chance of conferring their building blocks to the
    next generation (cycle)

13
A Simple GA
  • Generate initial population
  • do
  • Calculate the fitness of each member
  • // simulate another generation
  • do
  • Select parents from current population
  • Perform crossover add offspring to the new
    population
  • while new population is not full
  • Merge new population into the current
    population
  • Mutate current population
  • while not converged

14
How do GAs work
  • The structure of a GA is relatively simple to
    comprehend, but the dynamic behavior is complex
  • Holland has done significant work on the
    theoretical foundations of Gas
  • GAs work by discovering, emphasizing, and
    recombining good building blocks of solutions
    in a highly parallel fashion.
  • Melanie Mitchell, paraphrasing John Holland
  • Using formalism
  • Notion of a building block is formalized as a
    schema
  • Schemas are propagated or destroyed according to
    the laws of probability

15
Schema
  • A template, much like a regular expression,
    describing a set of strings
  • The set of strings represented by a given schema
    characterizes a set of candidate solutions
    sharing a property
  • This property is the encoded equivalent of a
    building block

16
Example
  • 0 or 1 represents a fixed bit
  • Asterisk represents a dont care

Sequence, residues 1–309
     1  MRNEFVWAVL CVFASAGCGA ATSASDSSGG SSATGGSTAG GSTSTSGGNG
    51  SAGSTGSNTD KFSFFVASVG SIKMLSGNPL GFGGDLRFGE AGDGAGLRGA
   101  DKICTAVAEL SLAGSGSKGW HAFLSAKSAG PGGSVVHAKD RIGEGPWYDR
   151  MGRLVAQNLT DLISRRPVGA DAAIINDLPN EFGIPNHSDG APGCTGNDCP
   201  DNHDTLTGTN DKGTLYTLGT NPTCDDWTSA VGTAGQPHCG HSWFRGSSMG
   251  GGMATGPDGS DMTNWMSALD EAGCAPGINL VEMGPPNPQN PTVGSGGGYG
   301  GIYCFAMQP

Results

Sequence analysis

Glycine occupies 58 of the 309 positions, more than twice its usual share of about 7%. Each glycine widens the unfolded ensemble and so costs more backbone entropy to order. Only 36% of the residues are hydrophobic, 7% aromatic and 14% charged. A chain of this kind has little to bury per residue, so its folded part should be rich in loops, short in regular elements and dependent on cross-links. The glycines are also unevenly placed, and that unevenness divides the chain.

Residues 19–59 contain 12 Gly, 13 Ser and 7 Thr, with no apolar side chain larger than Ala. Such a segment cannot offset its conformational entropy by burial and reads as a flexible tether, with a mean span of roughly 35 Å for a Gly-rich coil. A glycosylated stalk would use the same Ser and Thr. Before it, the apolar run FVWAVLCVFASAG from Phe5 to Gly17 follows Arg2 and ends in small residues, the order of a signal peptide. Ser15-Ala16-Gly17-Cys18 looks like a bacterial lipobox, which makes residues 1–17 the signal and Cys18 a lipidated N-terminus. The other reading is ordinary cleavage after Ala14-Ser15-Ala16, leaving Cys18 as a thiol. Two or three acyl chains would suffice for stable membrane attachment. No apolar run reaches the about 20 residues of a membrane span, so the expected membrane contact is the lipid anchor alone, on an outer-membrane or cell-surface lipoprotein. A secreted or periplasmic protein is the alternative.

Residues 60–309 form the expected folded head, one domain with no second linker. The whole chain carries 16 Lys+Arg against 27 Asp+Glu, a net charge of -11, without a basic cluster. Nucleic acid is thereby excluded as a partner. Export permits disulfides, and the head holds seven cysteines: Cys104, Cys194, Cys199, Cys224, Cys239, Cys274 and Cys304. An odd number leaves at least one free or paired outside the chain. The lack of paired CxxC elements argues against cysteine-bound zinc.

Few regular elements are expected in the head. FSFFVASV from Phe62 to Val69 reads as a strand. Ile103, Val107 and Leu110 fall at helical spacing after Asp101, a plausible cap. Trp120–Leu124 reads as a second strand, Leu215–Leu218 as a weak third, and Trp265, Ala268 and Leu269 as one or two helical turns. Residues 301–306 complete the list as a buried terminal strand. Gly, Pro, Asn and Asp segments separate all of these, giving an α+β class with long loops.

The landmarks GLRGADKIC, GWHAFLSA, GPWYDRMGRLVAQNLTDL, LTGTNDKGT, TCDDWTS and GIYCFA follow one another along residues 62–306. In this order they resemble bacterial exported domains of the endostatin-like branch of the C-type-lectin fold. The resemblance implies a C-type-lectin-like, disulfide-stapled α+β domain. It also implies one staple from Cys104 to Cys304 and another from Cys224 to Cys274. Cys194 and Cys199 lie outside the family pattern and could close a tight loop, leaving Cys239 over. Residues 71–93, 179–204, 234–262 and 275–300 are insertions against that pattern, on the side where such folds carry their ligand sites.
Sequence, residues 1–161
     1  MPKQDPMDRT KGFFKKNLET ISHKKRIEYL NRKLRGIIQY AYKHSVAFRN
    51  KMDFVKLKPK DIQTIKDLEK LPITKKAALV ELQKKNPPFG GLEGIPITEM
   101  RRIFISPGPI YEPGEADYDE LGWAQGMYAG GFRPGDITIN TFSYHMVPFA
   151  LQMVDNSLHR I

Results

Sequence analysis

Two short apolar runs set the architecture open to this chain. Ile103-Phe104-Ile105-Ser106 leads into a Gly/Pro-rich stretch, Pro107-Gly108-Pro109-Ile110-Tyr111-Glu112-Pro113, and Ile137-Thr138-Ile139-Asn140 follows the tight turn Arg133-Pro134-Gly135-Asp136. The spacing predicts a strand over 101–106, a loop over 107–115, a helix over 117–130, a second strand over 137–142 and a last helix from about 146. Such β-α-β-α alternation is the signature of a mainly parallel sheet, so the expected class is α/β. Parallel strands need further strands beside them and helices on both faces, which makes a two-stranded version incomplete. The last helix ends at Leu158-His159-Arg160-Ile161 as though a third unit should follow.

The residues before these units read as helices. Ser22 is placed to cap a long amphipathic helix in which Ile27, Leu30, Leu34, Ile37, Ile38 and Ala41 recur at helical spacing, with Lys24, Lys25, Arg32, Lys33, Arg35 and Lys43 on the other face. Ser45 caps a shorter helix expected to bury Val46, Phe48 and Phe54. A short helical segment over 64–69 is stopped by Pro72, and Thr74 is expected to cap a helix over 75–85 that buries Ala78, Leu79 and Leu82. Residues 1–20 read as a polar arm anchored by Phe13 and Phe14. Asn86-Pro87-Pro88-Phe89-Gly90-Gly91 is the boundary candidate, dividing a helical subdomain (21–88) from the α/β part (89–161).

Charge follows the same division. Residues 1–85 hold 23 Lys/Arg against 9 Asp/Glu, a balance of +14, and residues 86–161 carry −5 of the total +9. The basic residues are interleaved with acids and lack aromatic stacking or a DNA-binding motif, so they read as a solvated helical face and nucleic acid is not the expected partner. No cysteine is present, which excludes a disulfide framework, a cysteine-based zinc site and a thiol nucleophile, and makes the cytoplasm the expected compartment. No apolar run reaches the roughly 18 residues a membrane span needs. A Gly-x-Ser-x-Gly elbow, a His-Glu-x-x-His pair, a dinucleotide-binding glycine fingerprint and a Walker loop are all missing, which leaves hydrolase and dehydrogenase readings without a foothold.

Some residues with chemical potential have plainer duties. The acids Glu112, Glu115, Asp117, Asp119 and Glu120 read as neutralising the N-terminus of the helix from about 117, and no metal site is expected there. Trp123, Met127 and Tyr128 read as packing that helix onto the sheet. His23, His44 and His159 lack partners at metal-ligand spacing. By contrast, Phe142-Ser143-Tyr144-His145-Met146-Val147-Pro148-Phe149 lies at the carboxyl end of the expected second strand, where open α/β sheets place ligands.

• 1100 is the set of all solutions encoded in 8
    bits, beginning with two ones and ending with two
    zeros
  • Solutions in this set all share the same variants
    of the properties encoded at these loci

17
Schema qualifiers
  • Length
  • The inclusive distance between the two bits in a
    schema which are furthest apart (the defining
    length of the previous example is 8)
  • Order
  • The number of fixed bits in a schema (the order
    of the previous example is 4)

18
Not just sum of the parts
  • GAs explicitly evaluate and operate on whole
    solutions
  • GAs implicitly evaluate and operate on building
    blocks
  • Existing schemas may be destroyed or weakened by
    crossover
  • New schemas may be spliced together from existing
    schema
  • Crossover includes no notion of a schema only
    of the chromosomes

19
Why do they work
  • Schemas can be destroyed or conserved
  • So how are good schemas propagated through
    generations?
  • Conserved good schemas confer higher fitness
    on the offspring inheriting them
  • Fitter offspring are probabilistically more
    likely to be chosen to reproduce

20
Approximating schema dynamics
  • Let H be a schema with at least one instance
    present in the population at time t
  • Let m(H, t) be the number of instances of H at
    time t
  • Let x be an instance of H and f(x) be its fitness
  • The expected number of offspring of x is
    f(x)/f(pop) (by fitness proportionate selection)
  • To know E(m(H, t 1)) (the expected number of
    instances of schema H at the next time unit), sum
    f(x)/f(pop) for all x in H
  • GA never explicitly calculates the average
    fitness of a schema, but schema proliferation
    depends on its value

21
Approximating schema dynamics
  • Approximation can be refined by taking into
    account the operators
  • Schemas of long defining length are less likely
    to survive crossover
  • Offspring are less likely to be instances of such
    schemas
  • Schemas of higher order are less likely to
    survive mutation